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An American Marriage by Tayari Jones
My rating: 4 of 5 stars
An American Marriage by Tayari Jones is a 2018 Algonquin Books publication.
Well drawn characterizations and a thought provoking and timely topic combines to make a potent blend, which kept me riveted to the pages of this book.
Roy had done everything right, is successful, married to a beautiful woman, living the American dream- until he is falsely accused of rape and sent to prison.
Celestial finds her comfortable life turned on its axis after Roy is incarcerated. She remains loyal to her husband, but as the years pass, her life continues to move forward, while Roy’s stagnates behind bars, and her feelings for him begin to wane, prompting her to seek comfort from another man.
Meanwhile, lawyers are working round the clock to get Roy’s conviction overturned- which miraculously, after serving five years, it is!!
But, Roy, soon learns that easing back into his former life and resuming his marriage with Celestial is easier said than done.
What stands out for me in this novel, are the little nuances. Roy, who opens the dialogue in the first chapter, drew me in with his honesty, and humor, which was occasionally sheepish and self- deprecating, even though I disapproved of some of his actions.
Celestial was, for some reason, a character I found difficult to warm up to at first, but upon reflection, I think her character may have gone through the most productive growth of all.
Celestial’s needs and expectations are different from Roy’s ideals, some of which can be attributed to male/female roles and expectations in a marriage, and others to their own individuality. But, throw in a HUGE live altering test of the marriage and it will either strengthen or fall apart. Which way did things go for Roy and Celestial?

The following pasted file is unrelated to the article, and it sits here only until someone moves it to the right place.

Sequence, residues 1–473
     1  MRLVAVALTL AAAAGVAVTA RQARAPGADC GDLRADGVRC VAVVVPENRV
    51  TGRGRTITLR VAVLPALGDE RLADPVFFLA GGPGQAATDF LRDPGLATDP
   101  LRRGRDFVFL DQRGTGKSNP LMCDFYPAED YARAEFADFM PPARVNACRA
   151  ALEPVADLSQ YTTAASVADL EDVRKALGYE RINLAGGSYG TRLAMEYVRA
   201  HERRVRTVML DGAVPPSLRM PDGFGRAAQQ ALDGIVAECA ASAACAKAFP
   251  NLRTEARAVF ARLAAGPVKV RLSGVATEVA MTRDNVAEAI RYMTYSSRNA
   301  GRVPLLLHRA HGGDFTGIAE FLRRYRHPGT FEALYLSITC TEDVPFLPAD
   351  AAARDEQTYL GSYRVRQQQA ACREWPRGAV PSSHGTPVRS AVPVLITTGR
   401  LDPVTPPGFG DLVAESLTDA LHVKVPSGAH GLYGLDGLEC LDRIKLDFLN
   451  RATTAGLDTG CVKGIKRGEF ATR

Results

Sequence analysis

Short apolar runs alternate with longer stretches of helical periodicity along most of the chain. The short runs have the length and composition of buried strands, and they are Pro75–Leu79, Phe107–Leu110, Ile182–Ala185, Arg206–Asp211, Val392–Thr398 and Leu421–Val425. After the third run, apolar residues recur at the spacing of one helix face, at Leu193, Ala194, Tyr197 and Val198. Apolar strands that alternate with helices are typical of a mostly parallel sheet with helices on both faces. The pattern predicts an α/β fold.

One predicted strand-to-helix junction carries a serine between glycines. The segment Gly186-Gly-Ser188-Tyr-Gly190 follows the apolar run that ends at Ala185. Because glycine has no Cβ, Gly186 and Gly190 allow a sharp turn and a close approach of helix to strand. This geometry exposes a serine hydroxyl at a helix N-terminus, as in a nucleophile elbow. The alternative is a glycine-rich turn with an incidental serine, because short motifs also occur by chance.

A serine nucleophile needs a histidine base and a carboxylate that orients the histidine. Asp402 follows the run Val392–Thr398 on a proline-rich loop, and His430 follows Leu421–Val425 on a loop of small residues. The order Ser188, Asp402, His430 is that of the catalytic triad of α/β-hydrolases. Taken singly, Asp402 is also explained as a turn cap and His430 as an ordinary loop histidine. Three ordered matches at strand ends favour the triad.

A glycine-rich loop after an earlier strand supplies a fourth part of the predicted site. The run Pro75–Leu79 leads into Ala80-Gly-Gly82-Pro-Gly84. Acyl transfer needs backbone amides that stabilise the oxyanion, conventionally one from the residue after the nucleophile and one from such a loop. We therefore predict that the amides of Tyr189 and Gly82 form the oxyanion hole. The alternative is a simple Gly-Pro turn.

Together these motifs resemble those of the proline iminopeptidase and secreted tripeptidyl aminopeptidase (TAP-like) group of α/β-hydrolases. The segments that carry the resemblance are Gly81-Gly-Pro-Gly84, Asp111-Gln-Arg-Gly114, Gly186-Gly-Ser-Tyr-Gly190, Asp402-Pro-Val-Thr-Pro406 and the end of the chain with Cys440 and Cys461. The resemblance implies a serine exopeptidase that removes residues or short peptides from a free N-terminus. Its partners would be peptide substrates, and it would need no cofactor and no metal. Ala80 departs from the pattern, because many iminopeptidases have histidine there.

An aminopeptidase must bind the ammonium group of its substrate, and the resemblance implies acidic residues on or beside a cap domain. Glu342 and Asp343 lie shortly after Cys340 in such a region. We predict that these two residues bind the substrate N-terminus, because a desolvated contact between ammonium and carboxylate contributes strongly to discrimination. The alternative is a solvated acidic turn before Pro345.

The other timely topics explored have to do with racism and mass incarceration. Prison life is fraught with danger and loneliness, and of course Roy missed his former life, but it was simple things, things we so easily take for granted that makes the bleakness of his situation come alive.
Despite their flaws, and each party has their fair share of them, they were basically ordinary people thrown in an extraordinary circumstance and left to cope with those circumstances as best they could. They were both human, with real needs, desires, hopes, and dreams. Both made excuses, both played the blame game, but both have a bond together they find hard to break free of.
The epistolary parts of the novel were well done, which exposes both the closeness and the awkwardness of the marriage, but also the way time robbed them of the growth marriages need to survive.
The secondary characters were added depth and conflict and were also very well drawn, and equally affected by the outcome of Roy and Celetial's marriage.
While the book is not filled with action or suspense, or even, despite the heaviness of the situation, is it melodramatic, with one exception, that, to be honest, almost had to happen, to break the tension that boiled to the surface. There were a few tense moments that made me pretty uncomfortable, but mostly the author just allowed the characters to flow, to take charge, and dictate the pacing. This approach sounds understated and maybe even underwhelming, but this story was incredibly absorbing, and I have to say the conclusion was surprising- but at the same time- not. Despite some misgivings and mixed emotions about how the characters ended up, overall, I think they may be exactly where they need to be, both as individuals and as a couple. It may be tempting to take sides, but I can’t say I would do better or worse in that same situation, but I did struggle with passing judgments on occasion.
Either way, this is a well written examination of relationships and human foibles, and how otherwise normal, well intentioned, good people face adversity and come out on the other end of it changed, for better or worse.
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